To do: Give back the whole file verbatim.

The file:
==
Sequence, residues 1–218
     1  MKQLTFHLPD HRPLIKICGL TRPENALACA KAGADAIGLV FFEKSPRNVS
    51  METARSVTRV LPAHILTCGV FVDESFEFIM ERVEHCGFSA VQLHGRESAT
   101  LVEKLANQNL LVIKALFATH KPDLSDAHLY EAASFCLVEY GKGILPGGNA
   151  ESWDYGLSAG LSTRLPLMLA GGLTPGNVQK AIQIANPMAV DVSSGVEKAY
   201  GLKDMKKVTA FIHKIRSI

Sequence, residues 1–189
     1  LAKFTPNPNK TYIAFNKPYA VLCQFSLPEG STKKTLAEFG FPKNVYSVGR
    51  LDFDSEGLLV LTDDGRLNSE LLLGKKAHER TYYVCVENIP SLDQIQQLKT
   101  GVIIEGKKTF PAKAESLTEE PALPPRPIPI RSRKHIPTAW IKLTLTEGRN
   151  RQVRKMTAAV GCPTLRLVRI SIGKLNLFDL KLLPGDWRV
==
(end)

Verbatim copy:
Sequence, residues 1–218
     1  MKQLTFHLPD HRPLIKICGL TRPENALACA KAGADAIGLV FFEKSPRNVS
    51  METARSVTRV LPAHILTCGV FVDESFEFIM ERVEHCGFSA VQLHGRESAT
   101  LVEKLANQNL LVIKALFATH KPDLSDAHLY EAASFCLVEY GKGILPGGNA
   151  ESWDYGLSAG LSTRLPLMLA GGLTPGNVQK AIQIANPMAV DVSSGVEKAY
   201  GLKDMKKVTA FIHKIRSI

Sequence, residues 1–189
     1  LAKFTPNPNK TYIAFNKPYA VLCQFSLPEG STKKTLAEFG FPKNVYSVGR
    51  LDFDSEGLLV LTDDGRLNSE LLLGKKAHER TYYVCVENIP SLDQIQQLKT
   101  GVIIEGKKTF PAKAESLTEE PALPPRPIPI RSRKHIPTAW IKLTLTEGRN
   151  RQVRKMTAAV GCPTLRLVRI SIGKLNLFDL KLLPGDWRV